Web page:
“That’s the way it originally came out,” Young told Guitar World in 2009. “It was just a little piano thing in the middle of a larger song. It just morphed. It just grew.”
Inspiration for the single, released in January 1972, had arrived in the form of a wordless tune. “I stole the idea for ‘Heart of Gold’ from ‘Love Is Real,'” Young later admitted to Dutch journalist Constant Meijers in 1974. The instrumental track by French orchestra leader Paul Mauriat had been a No. 1 hit on the U.S. easy listening chart in 1968.
As the decade turned, a lingering back injury led Young to focus more attention on his acoustic guitar, which was easier to play sitting down than an electric. He penned “Heart of Gold,” and invited James Taylor to play banjo on the recording, and Linda Ronstadt to sing backing vocals.
“Neil Young has those classic elements of sturdy song construction, but still gives you something new and unique,” Ronstadt said in Shakey: Neil Young’s Biography. “There’s just some completely classic support structures in his chord progressions — they often seem to run off the key of D — that are just so sturdy and so right, like Greek architecture. The strength of the classic traditional stuff, even though they’re completely unique, they’re all completely Neil.”
“Heart of Gold” rose swiftly to the top of the charts, becoming Young’s only No. 1 U.S. single. One of his primary influences, however, did not think the track sounded “completely Neil.” Bob Dylan, in between albums at the time and living in Phoenix, could not shake the feeling that the song sounded like something he himself would write.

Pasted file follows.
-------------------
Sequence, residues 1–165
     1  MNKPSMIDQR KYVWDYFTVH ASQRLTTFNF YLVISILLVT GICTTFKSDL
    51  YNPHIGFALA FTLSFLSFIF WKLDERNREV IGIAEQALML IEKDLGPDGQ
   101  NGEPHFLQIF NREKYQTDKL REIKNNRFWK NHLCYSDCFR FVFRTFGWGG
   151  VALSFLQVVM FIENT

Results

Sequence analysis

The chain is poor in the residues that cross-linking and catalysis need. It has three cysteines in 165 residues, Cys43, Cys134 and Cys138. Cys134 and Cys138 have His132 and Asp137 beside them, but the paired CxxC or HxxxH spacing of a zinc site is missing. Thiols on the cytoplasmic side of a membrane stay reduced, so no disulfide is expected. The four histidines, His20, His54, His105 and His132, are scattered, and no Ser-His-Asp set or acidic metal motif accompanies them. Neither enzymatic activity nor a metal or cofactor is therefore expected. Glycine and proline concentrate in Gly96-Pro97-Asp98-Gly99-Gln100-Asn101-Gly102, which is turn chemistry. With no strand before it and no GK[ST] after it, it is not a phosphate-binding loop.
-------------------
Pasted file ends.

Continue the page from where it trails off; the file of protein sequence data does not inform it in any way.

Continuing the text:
“I used to hate it when it came on the radio,” Dylan told Spin in 1985. “I always liked Neil Young, but it bothered me every time I listened to ‘Heart of Gold.’ I think it was up at No. 1 for a long time, and I’d say, ‘Shit, that’s me. If it sounds like me, it should as well be me.’ … It seemed to me somebody else had taken my thing and had run away with it, you know, and I never got over it.”
Listen to Neil Young Perform ‘Heart of Gold’
This chart success helped make Young’s fourth studio LP Harvest the best-selling album of 1972, and Young one of the most recognizable names in early ’70s rock. It also took a significant emotional toll. Young’s back injury only got worse as he continued to tour, resulting in a slipped disk, an operation and strict orders from a doctor to spend no more than four hours a day on his feet.
“I tried to stay away from the success as much as possible,” Young told Rolling Stone‘s Cameron Crowe in 1979. “And being laid up in bed gave me a lot of time to think about what had happened. I thought the popularity was good, but I also knew that something else was dying.”
Like Dylan after his infamous motorcycle accident, Young “became really reclusive.” He spent several months at home, partially nursing his ailing back, but also avoiding the limelight. Young eventually launched a three-month tour in the fall of 1972, every night of which was recorded and eventually released as Time Fades Away. But the trek was miserable: Financial discrepancies developed between Young and his backing band, his drinking habits ramped up and fans hoping to hear knockout hits like “Heart of Gold” were disappointed in the lackluster versions offered.
“I guess at that point I’d attained a lot of fame and everything that you dream about when you’re a teenager,” Young told Melody Maker in 1985. “I was still only 23 or 24, and I realized I had a long way to go – and this wasn’t going to be the most satisfying thing, just sittin’ around basking in the glory of having a hit record. It’s really a very shallow experience; it’s actually a very empty experience. It’s nothing concrete except ego-gratification, which is an extremely unnerving kind of feeling. So I think subconsciously I set out to destroy that and rip it down, before it surrounded me.”
When the tour was over, Young returned home, downtrodden. His long-awaited next album, 1974’s On the Beach, became the second installment in what would later be dubbed his “ditch trilogy” for their gloomy, dejected attitudes. For Young, “Heart of Gold” remained the crux of his evolution from Dylan-esque folkie to seasoned, if sometimes cynical, songwriter.
“[That] song put me in the middle of the road,” he wrote in the liner notes to his 1977 compilation album, Decade. “Traveling there soon became a bore so I headed for the ditch. A rougher ride but I saw more interesting people there.”
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